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Degradation of ethyl paraben by heat-activated persulfate oxidation: statistical evaluation of operating factors and transformation pathways.
Environ Sci Pollut Res Int. 2017 Jan; 24(2):1073-1084.ES

Abstract

A factorial design methodology was implemented to evaluate the importance of ethyl paraben (EP) concentration (500-1500 μg/L), sodium persulfate concentration (400-500 mg/L), temperature (40-60 °C), reaction time (2-30 min), water matrix (pure water or secondary treated wastewater), and initial solution pH (3-9) on EP removal by heat-activated persulfate oxidation. All individual effects, except the solution pH, were statistically significant and so were the second-order interactions of ethyl paraben concentration with temperature or the reaction time. The influence of the water matrix was crucial, and the efficiency of the process was lower in secondary treated wastewater due to the presence of natural organic matter and inorganic salts that compete with ethyl paraben for the reactive oxygen species. Liquid chromatography time-of-flight mass spectrometry (LC-TOF-MS) was employed to identify major transformation by-products (TBPs); 13 compounds were detected as TBPs of EP. Degradation occurred through (i) hydroxylation, (ii) dealkylation, and (iii) oligomerization reactions leading to TBPs with ether and biphenyl structures. Oligomerization reactions were found to be the dominant pathway during the first steps of the reaction. The toxicity of 500 μg/L EP in secondary treated wastewater was tested against marine bacteria Vibrio fischeri; toxicity increased during the first minutes due to the production of several TBPs, but it consistently decreased thereafter.

Authors+Show Affiliations

Department of Chemical Engineering, University of Patras, Caratheodory 1, University Campus, 26504, Patras, Greece. zfrontistis@chemeng.upatras.gr.Department of Environmental and Natural Resources Management, University of Patras, 2 Seferi St., 30100, Agrinio, Greece.Department of Chemistry, University of Ioannina, 45110, Ioannina, Greece.Department of Chemical Engineering, University of Patras, Caratheodory 1, University Campus, 26504, Patras, Greece.

Pub Type(s)

Journal Article

Language

eng

PubMed ID

27255320

Citation

Frontistis, Zacharias, et al. "Degradation of Ethyl Paraben By Heat-activated Persulfate Oxidation: Statistical Evaluation of Operating Factors and Transformation Pathways." Environmental Science and Pollution Research International, vol. 24, no. 2, 2017, pp. 1073-1084.
Frontistis Z, Antonopoulou M, Konstantinou I, et al. Degradation of ethyl paraben by heat-activated persulfate oxidation: statistical evaluation of operating factors and transformation pathways. Environ Sci Pollut Res Int. 2017;24(2):1073-1084.
Frontistis, Z., Antonopoulou, M., Konstantinou, I., & Mantzavinos, D. (2017). Degradation of ethyl paraben by heat-activated persulfate oxidation: statistical evaluation of operating factors and transformation pathways. Environmental Science and Pollution Research International, 24(2), 1073-1084. https://doi.org/10.1007/s11356-016-6974-9
Frontistis Z, et al. Degradation of Ethyl Paraben By Heat-activated Persulfate Oxidation: Statistical Evaluation of Operating Factors and Transformation Pathways. Environ Sci Pollut Res Int. 2017;24(2):1073-1084. PubMed PMID: 27255320.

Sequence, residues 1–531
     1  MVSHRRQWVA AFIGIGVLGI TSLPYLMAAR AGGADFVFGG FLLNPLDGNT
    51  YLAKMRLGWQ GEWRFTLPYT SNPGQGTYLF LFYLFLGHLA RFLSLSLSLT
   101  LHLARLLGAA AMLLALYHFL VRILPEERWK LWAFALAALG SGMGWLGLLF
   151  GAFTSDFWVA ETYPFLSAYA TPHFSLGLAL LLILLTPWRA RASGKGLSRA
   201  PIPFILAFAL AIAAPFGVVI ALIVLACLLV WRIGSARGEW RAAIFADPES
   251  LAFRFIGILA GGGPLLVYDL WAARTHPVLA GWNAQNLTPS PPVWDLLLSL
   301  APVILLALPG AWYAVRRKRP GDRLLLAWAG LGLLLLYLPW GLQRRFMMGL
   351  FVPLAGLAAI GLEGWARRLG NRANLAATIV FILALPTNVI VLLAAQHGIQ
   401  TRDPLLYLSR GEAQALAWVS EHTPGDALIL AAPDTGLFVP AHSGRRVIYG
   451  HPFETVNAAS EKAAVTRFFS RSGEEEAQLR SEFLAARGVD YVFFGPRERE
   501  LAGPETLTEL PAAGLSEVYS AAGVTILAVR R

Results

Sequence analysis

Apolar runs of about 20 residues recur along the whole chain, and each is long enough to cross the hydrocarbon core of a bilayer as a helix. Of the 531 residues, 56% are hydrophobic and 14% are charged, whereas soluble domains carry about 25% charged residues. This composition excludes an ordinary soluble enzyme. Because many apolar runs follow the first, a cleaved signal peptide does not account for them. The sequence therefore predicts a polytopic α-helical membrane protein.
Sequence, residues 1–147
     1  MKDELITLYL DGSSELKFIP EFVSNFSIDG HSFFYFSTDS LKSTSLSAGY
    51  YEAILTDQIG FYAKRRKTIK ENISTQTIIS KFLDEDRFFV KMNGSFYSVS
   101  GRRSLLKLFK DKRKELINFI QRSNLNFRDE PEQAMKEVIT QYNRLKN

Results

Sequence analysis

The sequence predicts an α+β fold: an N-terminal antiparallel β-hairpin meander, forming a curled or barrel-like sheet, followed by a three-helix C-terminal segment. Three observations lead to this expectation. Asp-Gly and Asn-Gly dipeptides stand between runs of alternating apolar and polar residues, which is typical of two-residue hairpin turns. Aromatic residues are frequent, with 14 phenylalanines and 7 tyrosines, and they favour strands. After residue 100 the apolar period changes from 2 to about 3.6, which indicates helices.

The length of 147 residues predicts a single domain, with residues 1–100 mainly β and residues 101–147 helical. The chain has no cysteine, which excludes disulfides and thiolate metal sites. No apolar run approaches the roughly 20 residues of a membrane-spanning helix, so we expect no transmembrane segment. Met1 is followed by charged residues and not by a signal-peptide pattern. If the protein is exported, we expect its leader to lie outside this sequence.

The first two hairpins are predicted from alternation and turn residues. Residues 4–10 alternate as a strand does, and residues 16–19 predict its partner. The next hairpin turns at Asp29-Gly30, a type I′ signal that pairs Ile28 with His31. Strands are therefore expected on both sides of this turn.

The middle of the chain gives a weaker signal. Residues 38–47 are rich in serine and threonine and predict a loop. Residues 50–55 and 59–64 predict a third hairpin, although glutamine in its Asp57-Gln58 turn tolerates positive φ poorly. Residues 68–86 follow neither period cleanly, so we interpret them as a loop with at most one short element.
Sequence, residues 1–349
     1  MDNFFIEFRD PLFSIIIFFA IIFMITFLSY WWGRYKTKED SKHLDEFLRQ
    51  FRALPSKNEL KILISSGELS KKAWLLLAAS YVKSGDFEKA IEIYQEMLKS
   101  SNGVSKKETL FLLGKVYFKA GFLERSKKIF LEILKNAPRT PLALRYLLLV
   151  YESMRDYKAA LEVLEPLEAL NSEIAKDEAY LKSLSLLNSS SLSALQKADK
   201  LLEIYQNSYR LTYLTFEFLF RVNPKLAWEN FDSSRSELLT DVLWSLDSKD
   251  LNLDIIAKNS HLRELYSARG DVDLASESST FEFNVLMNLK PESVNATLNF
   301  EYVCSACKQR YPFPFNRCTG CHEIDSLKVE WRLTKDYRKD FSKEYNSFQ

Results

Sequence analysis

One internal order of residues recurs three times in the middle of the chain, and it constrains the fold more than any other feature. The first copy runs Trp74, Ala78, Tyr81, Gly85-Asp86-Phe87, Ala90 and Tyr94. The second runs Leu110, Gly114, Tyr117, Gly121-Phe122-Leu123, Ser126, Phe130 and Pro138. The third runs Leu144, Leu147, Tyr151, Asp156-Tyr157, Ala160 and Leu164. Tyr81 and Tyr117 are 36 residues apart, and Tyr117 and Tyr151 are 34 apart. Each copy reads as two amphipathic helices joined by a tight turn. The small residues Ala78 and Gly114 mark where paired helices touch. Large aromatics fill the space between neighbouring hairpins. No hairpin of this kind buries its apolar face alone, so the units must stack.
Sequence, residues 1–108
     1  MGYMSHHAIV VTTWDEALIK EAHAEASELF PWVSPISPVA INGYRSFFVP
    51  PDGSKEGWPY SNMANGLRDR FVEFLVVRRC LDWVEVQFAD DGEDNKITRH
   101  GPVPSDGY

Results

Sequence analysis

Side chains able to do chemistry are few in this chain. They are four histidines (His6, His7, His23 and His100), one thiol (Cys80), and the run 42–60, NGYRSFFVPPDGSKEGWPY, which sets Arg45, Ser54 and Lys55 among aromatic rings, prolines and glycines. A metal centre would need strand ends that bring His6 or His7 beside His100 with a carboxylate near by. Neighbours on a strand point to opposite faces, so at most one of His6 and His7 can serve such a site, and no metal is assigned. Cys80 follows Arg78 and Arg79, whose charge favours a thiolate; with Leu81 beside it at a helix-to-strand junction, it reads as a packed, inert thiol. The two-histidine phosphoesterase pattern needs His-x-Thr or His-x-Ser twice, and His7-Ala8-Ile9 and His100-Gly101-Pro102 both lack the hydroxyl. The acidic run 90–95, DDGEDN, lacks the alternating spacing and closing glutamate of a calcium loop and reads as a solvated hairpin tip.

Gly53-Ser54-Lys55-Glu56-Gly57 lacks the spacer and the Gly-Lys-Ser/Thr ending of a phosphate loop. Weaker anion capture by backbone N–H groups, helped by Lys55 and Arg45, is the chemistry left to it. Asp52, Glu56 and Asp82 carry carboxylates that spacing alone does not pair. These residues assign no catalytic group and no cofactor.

* Article titles in AMA citation format should be in sentence-case
TY - JOUR T1 - Degradation of ethyl paraben by heat-activated persulfate oxidation: statistical evaluation of operating factors and transformation pathways. AU - Frontistis,Zacharias, AU - Antonopoulou,Maria, AU - Konstantinou,Ioannis, AU - Mantzavinos,Dionissios, Y1 - 2016/06/03/ PY - 2016/03/24/received PY - 2016/05/24/accepted PY - 2016/6/4/pubmed PY - 2017/4/6/medline PY - 2016/6/4/entrez KW - By-products KW - Factorial design KW - Mechanism KW - Parabens KW - Sulfate radicals KW - Thermal activation SP - 1073 EP - 1084 JF - Environmental science and pollution research international JO - Environ Sci Pollut Res Int VL - 24 IS - 2 N2 - A factorial design methodology was implemented to evaluate the importance of ethyl paraben (EP) concentration (500-1500 μg/L), sodium persulfate concentration (400-500 mg/L), temperature (40-60 °C), reaction time (2-30 min), water matrix (pure water or secondary treated wastewater), and initial solution pH (3-9) on EP removal by heat-activated persulfate oxidation. All individual effects, except the solution pH, were statistically significant and so were the second-order interactions of ethyl paraben concentration with temperature or the reaction time. The influence of the water matrix was crucial, and the efficiency of the process was lower in secondary treated wastewater due to the presence of natural organic matter and inorganic salts that compete with ethyl paraben for the reactive oxygen species. Liquid chromatography time-of-flight mass spectrometry (LC-TOF-MS) was employed to identify major transformation by-products (TBPs); 13 compounds were detected as TBPs of EP. Degradation occurred through (i) hydroxylation, (ii) dealkylation, and (iii) oligomerization reactions leading to TBPs with ether and biphenyl structures. Oligomerization reactions were found to be the dominant pathway during the first steps of the reaction. The toxicity of 500 μg/L EP in secondary treated wastewater was tested against marine bacteria Vibrio fischeri; toxicity increased during the first minutes due to the production of several TBPs, but it consistently decreased thereafter. SN - 1614-7499 UR - https://www.unboundmedicine.com/medline/citation/27255320/Degradation_of_ethyl_paraben_by_heat_activated_persulfate_oxidation:_statistical_evaluation_of_operating_factors_and_transformation_pathways_ L2 - https://dx.doi.org/10.1007/s11356-016-6974-9 DB - PRIME DP - Unbound Medicine ER -